"He's my miracle dog," the 24-year-old Auburn resident said as his eight-month-old pug Max nuzzled in his lap — a precious, living link to fiancee Alyssa Bizefski, whose life was suddenly ended after just 22 years Nov. 9 when a pickup truck crossed the median on an icy Interstate 69 and hit her car head-on as the couple was speaking on the phone discussing wedding photos that will never be taken.
It's a miracle that evokes memories good and bad, but the pain is made bearable by the presence of an animal Parr wasn't sure he would even see again but has seldom left his side since being found near the crash site the day after the nation paused to give thanks for its blessings. Thanks to social media and the vigilance and kindness of family, friends and total strangers, Max's unlikely presence gives Parr reason to be thankful too even in the face of a tragedy few of us could imagine.
It's fitting the couple met on Facebook, because Parr and Max — short for Maximus — might not have been reunited without it. Following the crash, which also killed Bizefski's dog, Max escaped from his cage in the backseat and went missing. Parr was in Texas on business at the time, but friends and others mounted a campaign on Facebook to find him. Search parties were organized, and eventually, Max was spotted near the crash site. When Parr hurredly returned, he scoured the crash scene day and night and even placed some of Bizefski's belongings near the highway, hoping the scent would attract Max's attention.
It finally did, and someone who had seen the search for Max on Facebook spotted the dog and returned him to Parr, who had begun to fear he might never come home. Except for a few briars sticking to his fur, a trip to the vet confirmed Max had survived his ordeal in good shape and had even gained a pound.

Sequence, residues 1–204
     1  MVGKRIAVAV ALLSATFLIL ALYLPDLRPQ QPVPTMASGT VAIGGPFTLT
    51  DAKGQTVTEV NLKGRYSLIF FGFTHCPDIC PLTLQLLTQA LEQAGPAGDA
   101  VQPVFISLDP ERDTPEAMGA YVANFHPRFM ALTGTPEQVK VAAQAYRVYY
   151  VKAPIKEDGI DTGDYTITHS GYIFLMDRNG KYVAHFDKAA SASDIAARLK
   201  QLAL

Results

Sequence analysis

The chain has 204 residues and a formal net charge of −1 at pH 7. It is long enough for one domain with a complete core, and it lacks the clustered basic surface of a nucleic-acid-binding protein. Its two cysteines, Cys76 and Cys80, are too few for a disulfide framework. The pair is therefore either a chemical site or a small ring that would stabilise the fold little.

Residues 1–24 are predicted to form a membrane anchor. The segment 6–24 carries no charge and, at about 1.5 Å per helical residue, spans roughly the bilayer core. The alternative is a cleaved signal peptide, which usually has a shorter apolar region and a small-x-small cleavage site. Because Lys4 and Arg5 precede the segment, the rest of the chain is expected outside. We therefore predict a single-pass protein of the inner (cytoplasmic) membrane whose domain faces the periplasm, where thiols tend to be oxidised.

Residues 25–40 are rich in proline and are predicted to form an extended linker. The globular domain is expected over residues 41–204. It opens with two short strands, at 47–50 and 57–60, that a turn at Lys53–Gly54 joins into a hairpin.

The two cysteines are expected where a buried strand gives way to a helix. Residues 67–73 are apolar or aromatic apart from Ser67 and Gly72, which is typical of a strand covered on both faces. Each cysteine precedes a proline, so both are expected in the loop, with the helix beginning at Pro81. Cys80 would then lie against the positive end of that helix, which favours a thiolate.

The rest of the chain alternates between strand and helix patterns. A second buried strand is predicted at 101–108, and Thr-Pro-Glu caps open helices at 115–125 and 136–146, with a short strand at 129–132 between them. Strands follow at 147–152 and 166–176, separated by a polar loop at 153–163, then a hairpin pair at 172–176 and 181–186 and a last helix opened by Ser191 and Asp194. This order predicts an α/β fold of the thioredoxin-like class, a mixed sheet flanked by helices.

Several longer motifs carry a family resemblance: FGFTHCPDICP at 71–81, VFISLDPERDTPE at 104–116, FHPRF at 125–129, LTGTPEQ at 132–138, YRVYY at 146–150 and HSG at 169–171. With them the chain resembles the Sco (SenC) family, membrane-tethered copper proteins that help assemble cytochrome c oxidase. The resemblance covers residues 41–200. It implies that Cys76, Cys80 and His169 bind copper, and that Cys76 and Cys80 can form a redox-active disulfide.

A miracle, indeed.
That doesn't erase the past, of course, and as we talked it was obvious his feelings did not die with his fiancee. Her pictures are everywhere, and he was wearing her Army National Guard jacket with "Bizefski" stitched across the front. But Max seldom left his lap, giving life to his memories of a vibrant 22-year-old who was also a nursing student at IPFW and employee at Menard's in Fort Wayne.
The two had been dating for two years and were to be married Oct. 17, and the memory of how the phone just "went blank" as they were making future plans is still hard to bear.
"Somtimes it feels like you're drowning. You can't breathe, and you remember everything you did together. It comes in waves, and then you're better for a while," Parr said. "We did everything together, and it's lonely inside when you want somebody to talk to. But Max is always by my side and I feel like Alyssa's inside him. It was hard without him," said Parr, who works for SOS Service Inc. in Angola. "I lost everything, but having him around helps. He's like my other half."
Others are grieving too, of course. Bizefski's parents lost their only child, and Parr said he remains close to the couple that would have been his in-laws. He knows Alyssa will be on all of their minds this Christmas, making a holiday that should be filled with joy "rough."
But prodigal pup Max will be there by his side, a lost-then-found gift of life and a reminder of what could have been and, in a small but precious way, still is.
This column is the commentary of the writer and does not necessarily reflect the views or opinions of The News-Sentinel. Email Kevin Leininger at firstname.lastname@example.org or call him at 461-8355.